As the warm months arrive, you want to get outside. So does your dog. But there’s something to keep in mind: keeping your pup safe from ticks. With ineffective miracle collars on the market and confusing advice online about how to remove the critters, it can be tricky to know what to do.

Here’s how to protect your pup, and yourself, from getting bitten.

What ticks are found on dogs in the Philly area?

Tick species vary depending on where you live, and they can affect both you and your four-legged friend. In Philadelphia — as in the rest of Pennsylvania — the most common species that attach to dogs are the American dog tick and the Lyme-disease-carrying deer tick, says Alicia Royer, a shelter veterinarian at Main Line Animal Rescue.

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Places of high risk for ticks in Philadelphia

High grasses, wooded areas, and parks are some of the most common places where your dog can pick up ticks. According to the Centers for Disease Control and Prevention (CDC), some ticks will wait for a host on tips of grasses and shrubs for some creature to pass by. This shouldn’t stop you from taking your pup to the dog park or for walks on trails, says Royer. Just make sure to take some precautions for yourself and your dog.

After a walk or hike, check yourself and your dog before going home. In particular, check your dog’s ears, neck, belly, and legs, because ticks are highly attracted to body heat, moisture, vibration, and odors. Ticks take around 24 hours to start feeding, so you might be able to catch them before they dine on your dog.

Preventive treatments

There are a number of treatments that can prevent your dog from getting bitten by ticks. They work by steadily releasing nontoxic components into your dog’s body that make it harder for ticks to get attached. Although the medicine won’t harm your dog, it does paralyze the ticks by attacking their nervous systems.

Before, the most common advice was to only treat your dog during the spring and summer months. Now veterinarians recommend preventive treatment all year round, because some species might still be active despite the cold temperatures.

Royer recommends monthly preventive treatments such as chewable tablets and topical ointments that go in between the shoulder blades. If you are looking for something that can protect your dog for a longer period of time, she recommends the Seresto collars, which can last up to eight months.

Be wary of miracle cures and collars sold in some grocery stores that don’t work. “Always talk to your veterinarian, and make sure to buy the preventive treatments from them or a recommended online pharmacy,” says Royer. A vet will help you avoid scams, and advise you if ticks in your area have become resistant to certain treatments.

What if I think my dog has ticks?

Depending on your level of comfort, you can either remove the ticks yourself or take your four-legged pal to the vet. Never crush a tick with your fingers; always use a proper tool. If you break the mouth of the tick in the process, and you can’t remove the bits, leave it alone and let the skin heal.

If your dog has a lot of swelling in the bite area, Royer says you shouldn’t try to touch it. Instead, take the pup to the vet so they can extract it.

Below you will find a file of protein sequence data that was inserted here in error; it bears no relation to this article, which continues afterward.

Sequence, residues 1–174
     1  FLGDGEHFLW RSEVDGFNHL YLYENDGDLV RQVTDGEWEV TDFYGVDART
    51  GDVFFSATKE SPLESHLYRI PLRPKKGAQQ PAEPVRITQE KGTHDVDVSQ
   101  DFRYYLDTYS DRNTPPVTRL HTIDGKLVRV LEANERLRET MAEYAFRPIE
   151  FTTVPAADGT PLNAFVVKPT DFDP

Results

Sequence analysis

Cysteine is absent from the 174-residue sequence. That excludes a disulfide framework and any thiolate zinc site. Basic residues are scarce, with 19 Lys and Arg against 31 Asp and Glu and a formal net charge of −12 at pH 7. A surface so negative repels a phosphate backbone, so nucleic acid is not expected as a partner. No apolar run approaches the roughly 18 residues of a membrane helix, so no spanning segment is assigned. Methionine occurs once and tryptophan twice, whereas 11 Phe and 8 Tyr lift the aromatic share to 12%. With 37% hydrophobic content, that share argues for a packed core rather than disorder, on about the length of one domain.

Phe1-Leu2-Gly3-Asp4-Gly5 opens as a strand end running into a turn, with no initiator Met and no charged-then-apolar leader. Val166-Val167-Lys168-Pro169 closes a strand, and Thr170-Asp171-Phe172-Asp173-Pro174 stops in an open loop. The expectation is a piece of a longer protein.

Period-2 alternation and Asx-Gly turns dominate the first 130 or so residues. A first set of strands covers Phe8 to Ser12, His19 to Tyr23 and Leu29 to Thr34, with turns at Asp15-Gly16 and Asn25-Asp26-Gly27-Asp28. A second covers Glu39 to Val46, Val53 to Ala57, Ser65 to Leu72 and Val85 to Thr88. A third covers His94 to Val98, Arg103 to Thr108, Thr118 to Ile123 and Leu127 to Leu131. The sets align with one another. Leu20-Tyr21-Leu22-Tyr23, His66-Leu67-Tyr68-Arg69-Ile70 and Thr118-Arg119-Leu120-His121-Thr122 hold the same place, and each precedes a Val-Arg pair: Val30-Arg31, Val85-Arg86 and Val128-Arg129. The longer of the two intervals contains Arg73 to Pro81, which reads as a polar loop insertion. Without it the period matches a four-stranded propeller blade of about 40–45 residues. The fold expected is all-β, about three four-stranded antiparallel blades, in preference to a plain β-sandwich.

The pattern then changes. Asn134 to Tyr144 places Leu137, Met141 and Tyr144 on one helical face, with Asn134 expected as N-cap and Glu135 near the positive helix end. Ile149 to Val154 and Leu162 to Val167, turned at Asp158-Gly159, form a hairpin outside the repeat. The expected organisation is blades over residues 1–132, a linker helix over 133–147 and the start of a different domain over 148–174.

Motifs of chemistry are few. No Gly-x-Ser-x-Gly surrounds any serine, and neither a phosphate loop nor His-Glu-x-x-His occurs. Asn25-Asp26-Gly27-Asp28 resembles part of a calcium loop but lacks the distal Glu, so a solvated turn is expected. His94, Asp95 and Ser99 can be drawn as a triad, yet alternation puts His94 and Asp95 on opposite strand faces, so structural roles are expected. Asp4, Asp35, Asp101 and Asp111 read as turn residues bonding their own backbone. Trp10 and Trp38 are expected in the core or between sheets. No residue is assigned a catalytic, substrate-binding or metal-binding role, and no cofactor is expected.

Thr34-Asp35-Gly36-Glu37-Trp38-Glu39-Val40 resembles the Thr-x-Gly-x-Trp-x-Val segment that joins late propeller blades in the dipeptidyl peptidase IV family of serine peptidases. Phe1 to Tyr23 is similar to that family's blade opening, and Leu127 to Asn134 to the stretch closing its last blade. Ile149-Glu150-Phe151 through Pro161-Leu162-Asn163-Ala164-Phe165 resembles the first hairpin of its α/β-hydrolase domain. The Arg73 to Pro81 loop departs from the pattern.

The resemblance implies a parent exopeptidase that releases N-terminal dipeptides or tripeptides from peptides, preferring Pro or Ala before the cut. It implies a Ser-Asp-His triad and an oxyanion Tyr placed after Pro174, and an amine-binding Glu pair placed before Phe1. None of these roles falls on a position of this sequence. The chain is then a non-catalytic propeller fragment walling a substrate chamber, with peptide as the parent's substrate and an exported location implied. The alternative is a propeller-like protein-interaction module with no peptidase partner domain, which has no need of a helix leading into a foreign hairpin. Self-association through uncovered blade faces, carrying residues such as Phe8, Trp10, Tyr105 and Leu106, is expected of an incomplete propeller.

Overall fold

How to remove a tick from your dog

  1. Use clean fine-tipped tweezers. Avoid putting things like vaseline, nail polish, or even trying to burn the tick off: It will do more harm than good.
  2. Get tweezers as close as possible to your dog’s skin, and pull upward steadily, with even pressure. Don’t twist or jerk the tick in the process; that can make its mouth-parts break off.
  3. Fill a bag or container with alcohol, put the ticks in it, and seal it before throwing it away.
  4. Clean the bite area with alcohol.
  5. Wash your hands and disinfect them with alcohol.
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What if you have other dogs?

Make sure to remove all ticks from the affected dog, and start preventive treatment for all other pets as soon as possible. According to the University of Rhode Island, certain species of ticks — such as the American dog tick — can have up to three different hosts in a life cycle. So, “the more ticks spread around, the worse it’s going to get,” says Royer.

Can ticks make your dog sick?

Yes. Just like humans can contract illnesses from tick bites, dogs can too. But not all ticks carry disease: The Centers for Disease Control and Prevention says that of the many different tick species in the world, only a select few bite and transmit diseases.

Here are some diseases that dogs can get from ticks in the Philly region:

  • Lyme disease is a bacterial illness that can make your dog have a fever, loss of appetite, less energy, stiffness, and joint pain. If left untreated, it can cause your pup to go into kidney failure or serious cardiac arrest.

  • Anaplasmosis can make your dog be lethargic, unwilling to eat, have a fever, bruises, and nose bleeds. If it’s not caught in time, it can cause respiratory failure, bleeding problems, or organ failure.

  • Ehrlichiosis disease causes your dog to lose weight, have a hard time breathing, have swollen lymph nodes, fever, blood disorders, and neurological problems. If untreated, your dog can develop life-threatening anemia.

Royer says that in her practice, she’s most commonly seen local dogs get Lyme disease, though she has also seen dogs with anaplasmosis and ehrlichiosis disease from ticks. While these illnesses can be managed and cured, if left untreated can cause your dog to die.

Expert sources

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